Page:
Lurking not too far from where I live is a subterranean marvel that is considered to be one of the most important locations in engineering history. I am referring to the currently closed off East London Line railway – for the tunnel it runs through under the Thames is world’s first (successful) sub-aqueous tunnel.
Not too far from the Rotherhithe tunnel is the Brunel Museum situated within an old pumping station, but conveniently next to the original deep shaft that Marc Brunel (father of more famous Isambard Kingdom Brunel) sunk into the clay soil to get down to the depth where the tunnel would stretch out under the river.
I won’t relate the torturous history of the tunnel itself – as that is amply told elsewhere, for my visit to was not to the tunnel but to the remains of that original shaft.
I arrived at at the museum just as a lot of people were filing out to go to the shaft, so I ahem, joined the crowd. I’ve been in the museum before as they used to run tours of the two key stations, Rotherhithe and Wapping and take a slow train between them.
As part of the refurbishment of the tunnels for the overland railway, the shaft, which has always been empty from surface to deep underground has had a slab of concrete installed and the upper space will be handed over to the museum to clean up and turn into an extension. As the slab was finished off only a few weeks ago – the opportunity here was to see the interior of the shaft before it is cleaned up again.
Getting in for visitors will be down a replica of the original stair case that lined the tunnel when it was open to pedestrians – but our access was through a tiny door that you quite literally had to crawl through and then down some scaffolding to the floor, which is about 3 stories below its roofline (and about 2 stories below ground).
Here lots of photos were taken and a volunteer gave us a brief run through why the shaft is so important in engineering history and some details of its construction.
In essence, they had a huge metal ring, upon which they started building a high wall. As the wall got heavier, it started sinking into the soft soil – aided by workers inside digging out that soil. More bricks added, and the shaft continues to sink into the ground. At one point it got stuck and even adding 50,000 bricks to the top of the shaft wouldn’t unstick the gigantic pipe.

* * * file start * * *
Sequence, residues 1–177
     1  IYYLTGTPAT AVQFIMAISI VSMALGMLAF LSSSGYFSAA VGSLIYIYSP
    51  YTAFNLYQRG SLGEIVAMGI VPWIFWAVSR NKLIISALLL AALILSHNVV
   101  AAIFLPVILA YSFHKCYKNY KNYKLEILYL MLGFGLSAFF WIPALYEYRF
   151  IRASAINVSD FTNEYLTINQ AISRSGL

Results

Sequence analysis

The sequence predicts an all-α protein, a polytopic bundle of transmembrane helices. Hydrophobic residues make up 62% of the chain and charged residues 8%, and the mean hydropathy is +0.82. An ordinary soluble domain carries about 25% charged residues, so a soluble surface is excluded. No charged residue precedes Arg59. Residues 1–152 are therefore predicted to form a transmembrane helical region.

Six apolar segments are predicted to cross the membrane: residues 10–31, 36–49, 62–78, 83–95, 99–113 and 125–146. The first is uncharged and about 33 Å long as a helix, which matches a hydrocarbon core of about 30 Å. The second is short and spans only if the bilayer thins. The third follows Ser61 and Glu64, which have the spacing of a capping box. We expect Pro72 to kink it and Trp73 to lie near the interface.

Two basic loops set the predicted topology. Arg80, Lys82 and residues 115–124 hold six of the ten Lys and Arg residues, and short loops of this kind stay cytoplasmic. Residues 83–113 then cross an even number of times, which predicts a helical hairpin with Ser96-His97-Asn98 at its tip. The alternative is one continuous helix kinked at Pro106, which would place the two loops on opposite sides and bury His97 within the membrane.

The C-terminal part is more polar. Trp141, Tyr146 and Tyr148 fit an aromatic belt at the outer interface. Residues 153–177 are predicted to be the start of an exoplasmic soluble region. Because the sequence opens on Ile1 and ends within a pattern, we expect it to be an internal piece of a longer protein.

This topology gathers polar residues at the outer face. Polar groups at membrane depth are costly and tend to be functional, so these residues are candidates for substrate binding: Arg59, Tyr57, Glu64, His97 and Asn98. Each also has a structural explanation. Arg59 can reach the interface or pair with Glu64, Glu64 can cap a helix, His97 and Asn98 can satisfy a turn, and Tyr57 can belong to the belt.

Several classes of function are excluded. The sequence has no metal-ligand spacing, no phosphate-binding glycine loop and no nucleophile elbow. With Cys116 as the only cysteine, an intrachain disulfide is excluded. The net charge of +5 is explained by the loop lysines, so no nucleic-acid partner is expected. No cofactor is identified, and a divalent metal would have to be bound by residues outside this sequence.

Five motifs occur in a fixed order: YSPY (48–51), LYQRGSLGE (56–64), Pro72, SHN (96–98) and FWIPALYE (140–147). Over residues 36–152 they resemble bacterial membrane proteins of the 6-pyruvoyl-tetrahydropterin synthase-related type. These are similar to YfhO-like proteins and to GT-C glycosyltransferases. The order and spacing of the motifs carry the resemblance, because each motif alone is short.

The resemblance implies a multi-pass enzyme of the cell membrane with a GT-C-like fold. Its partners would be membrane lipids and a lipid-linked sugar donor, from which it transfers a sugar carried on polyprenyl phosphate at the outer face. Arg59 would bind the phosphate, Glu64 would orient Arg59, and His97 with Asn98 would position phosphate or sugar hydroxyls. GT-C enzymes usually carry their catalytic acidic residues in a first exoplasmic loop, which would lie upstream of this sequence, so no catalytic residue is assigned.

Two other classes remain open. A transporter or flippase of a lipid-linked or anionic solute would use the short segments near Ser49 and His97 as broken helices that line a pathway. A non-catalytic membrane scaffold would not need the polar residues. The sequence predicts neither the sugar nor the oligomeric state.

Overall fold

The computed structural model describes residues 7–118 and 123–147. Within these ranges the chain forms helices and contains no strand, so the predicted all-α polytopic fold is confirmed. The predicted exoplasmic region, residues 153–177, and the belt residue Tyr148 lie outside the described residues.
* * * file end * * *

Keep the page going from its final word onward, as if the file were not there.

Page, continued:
Here there seems to be two variants of the solution – in essence, water leaking into the shaft normally lubricated the sides and one weekend the whole thing dropped down several metres. Whether this was an accidental switching off of the water pumps over a weekend that had a fortuitous outcome, or a deliberate decision seems to vary depending on who is telling the tale.
The shaft finally at its required depth, the tunnel under the river could be cut out. A similar shaft on the north side was also built – although two more shaft, four times wider to allow horses down to the tunnel never got built as some idiot stuck a bridge at Tower Hill and ruined the finances of the tunnel.
Talk over and a climb back out through the tiny exit, and that was it. A short visit, but this subterranean geek was bouncing with delight to have been able to have a look around.
I took a quick look around the museum and picked up a guide book that I would have brought last time I was there, only they couldn’t take cards and I was out of cash on the day. I also had a long chat with one of the staff about the pneumatic railway I am researching and he mentioned something about its precursor at Crystal Palace I wasn’t aware of. More research needed. Yay!
It was a shame we couldn’t go down to the original tunnels – but I have done a slow train tour through there before courtesy of the museum.
A slight rant – they let people into the shaft through a really tiny doorway – and yet other underground structures with significantly easier access points refuse to open up for the public visits due to “health & safety” concerns. That really annoys me as it quite evidently isn’t a problem.
As usual – more photos over at Flickr.